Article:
New Zealand tennis player Alex Hunt was born without his left arm, but he says he doesn't feel different to anyone else on the court.
The 23-year old Nelsonian's prosthetic arm does a pretty good job of throwing the ball up in the same spot for a serve, he says.
Hunt is currently in Thailand competing on the International Tennis Federation Circuit for his first ranking point. At a recent tournament, he beat eight able-bodied players before losing in the quarterfinals.
He says that he comes from a tennis family and first played at three or four.
"It goes a long way up the family tree. I was always around tennis racquets as a young kid and grew to love the game myself."
Growing up, he didn't know he was different because his family didn't treat him any differently to his older brothers, he says.
"I guess that just flowed into the tennis. I was at these tournaments when I was seven years old and just treated exactly the same as the other athletes around me."
Hunt says that his serve and forehand are the strongest aspects of his game and having a prosthetic arm isn't really an impediment.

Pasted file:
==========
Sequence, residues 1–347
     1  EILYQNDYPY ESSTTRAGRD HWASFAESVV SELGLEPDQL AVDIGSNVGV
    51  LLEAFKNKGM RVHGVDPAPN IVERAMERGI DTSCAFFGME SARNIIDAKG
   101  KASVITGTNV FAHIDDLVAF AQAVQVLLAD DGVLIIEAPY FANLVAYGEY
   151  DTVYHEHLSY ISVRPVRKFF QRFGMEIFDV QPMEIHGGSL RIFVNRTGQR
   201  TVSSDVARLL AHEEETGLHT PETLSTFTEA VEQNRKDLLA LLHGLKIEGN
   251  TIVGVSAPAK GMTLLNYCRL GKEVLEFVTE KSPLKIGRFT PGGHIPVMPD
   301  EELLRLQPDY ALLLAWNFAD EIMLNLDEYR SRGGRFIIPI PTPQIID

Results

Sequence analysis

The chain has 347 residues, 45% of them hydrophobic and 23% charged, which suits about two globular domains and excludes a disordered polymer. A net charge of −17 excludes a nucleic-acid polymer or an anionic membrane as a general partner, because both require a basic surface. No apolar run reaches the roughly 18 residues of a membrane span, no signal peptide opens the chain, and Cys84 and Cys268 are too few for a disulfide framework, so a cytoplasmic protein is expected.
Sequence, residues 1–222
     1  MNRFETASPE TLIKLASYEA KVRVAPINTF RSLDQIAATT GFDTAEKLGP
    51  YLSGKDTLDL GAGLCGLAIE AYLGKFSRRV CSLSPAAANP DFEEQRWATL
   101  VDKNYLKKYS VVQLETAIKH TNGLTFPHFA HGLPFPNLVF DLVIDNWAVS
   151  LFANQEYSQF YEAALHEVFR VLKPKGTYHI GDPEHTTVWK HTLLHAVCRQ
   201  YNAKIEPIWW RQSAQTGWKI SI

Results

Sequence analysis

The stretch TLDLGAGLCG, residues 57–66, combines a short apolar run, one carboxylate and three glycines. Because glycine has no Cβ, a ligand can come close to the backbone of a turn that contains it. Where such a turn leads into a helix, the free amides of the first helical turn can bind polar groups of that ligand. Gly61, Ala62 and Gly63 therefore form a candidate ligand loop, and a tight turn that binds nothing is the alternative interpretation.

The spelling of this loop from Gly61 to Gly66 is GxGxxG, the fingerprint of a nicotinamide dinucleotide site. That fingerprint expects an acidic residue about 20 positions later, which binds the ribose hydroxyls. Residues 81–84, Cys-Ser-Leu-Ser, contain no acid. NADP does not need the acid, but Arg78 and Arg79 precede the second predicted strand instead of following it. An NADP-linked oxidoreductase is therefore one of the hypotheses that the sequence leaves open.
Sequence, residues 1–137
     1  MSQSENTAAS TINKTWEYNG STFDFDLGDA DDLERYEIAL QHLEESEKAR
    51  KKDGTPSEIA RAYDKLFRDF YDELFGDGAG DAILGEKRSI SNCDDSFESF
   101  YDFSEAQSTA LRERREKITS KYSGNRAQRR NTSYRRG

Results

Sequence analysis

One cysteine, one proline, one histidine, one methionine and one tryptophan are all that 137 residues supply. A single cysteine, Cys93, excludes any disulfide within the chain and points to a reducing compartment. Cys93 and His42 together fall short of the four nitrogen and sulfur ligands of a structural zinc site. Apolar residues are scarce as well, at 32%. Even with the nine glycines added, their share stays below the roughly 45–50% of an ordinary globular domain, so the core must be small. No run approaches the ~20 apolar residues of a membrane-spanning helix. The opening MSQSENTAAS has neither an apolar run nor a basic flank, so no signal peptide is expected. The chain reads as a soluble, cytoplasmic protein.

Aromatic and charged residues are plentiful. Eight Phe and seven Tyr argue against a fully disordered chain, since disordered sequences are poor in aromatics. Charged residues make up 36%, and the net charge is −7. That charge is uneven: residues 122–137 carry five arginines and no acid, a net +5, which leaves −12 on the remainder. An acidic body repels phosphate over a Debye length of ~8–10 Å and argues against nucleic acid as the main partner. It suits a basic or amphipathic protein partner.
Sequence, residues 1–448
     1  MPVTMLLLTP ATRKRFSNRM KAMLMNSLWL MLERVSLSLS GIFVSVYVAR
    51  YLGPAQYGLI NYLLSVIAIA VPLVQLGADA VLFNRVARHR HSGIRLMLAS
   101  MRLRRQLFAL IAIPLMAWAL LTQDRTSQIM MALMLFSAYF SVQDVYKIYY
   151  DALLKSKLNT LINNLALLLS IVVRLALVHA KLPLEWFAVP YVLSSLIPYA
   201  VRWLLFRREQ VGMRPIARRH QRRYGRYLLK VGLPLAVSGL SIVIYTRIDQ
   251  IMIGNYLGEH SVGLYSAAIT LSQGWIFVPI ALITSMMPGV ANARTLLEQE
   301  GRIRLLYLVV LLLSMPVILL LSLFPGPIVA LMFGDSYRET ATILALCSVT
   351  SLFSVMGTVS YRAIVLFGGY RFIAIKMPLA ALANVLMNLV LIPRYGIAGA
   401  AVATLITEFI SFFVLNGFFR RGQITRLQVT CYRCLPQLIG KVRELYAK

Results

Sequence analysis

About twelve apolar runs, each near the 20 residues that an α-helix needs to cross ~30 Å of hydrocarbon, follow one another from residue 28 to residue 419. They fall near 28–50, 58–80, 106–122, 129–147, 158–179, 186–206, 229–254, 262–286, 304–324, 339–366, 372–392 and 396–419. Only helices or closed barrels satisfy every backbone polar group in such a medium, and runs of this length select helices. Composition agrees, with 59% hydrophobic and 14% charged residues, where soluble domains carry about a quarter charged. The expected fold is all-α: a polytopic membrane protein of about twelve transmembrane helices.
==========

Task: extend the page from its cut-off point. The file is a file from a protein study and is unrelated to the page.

"The prosthetic arm does a pretty good job of throwing the ball up in the same spot, it's just a little bit tough in the wind."
The biggest difference (and hurdle) is having to change his grip to hit a backhand, he says.
"From a young age, my backhand has always been… a little bit of a weakness, but it's slowly coming forward and getting a bit better."
As a kid, Hunt's tennis heroes were Andre Agassi and Pete Sampras.
"Then watching Roger Federer start to topple those guys, then just make what's probably the best career in tennis history is just awesome, eh? And he's still going hard and winning grand slams, as we've seen - pretty awesome."
Local players are also a "massive inspiration".
"Watching them on TV, Marcus Daniell, Artem Sitak... and Rubin Statham is doing awesome in singles, as well. Those guys are a pretty big inspiration for the rest of us guys trying to make it. And it just makes you realise that if you train hard enough and work for it like those guys have, then I guess it's possible."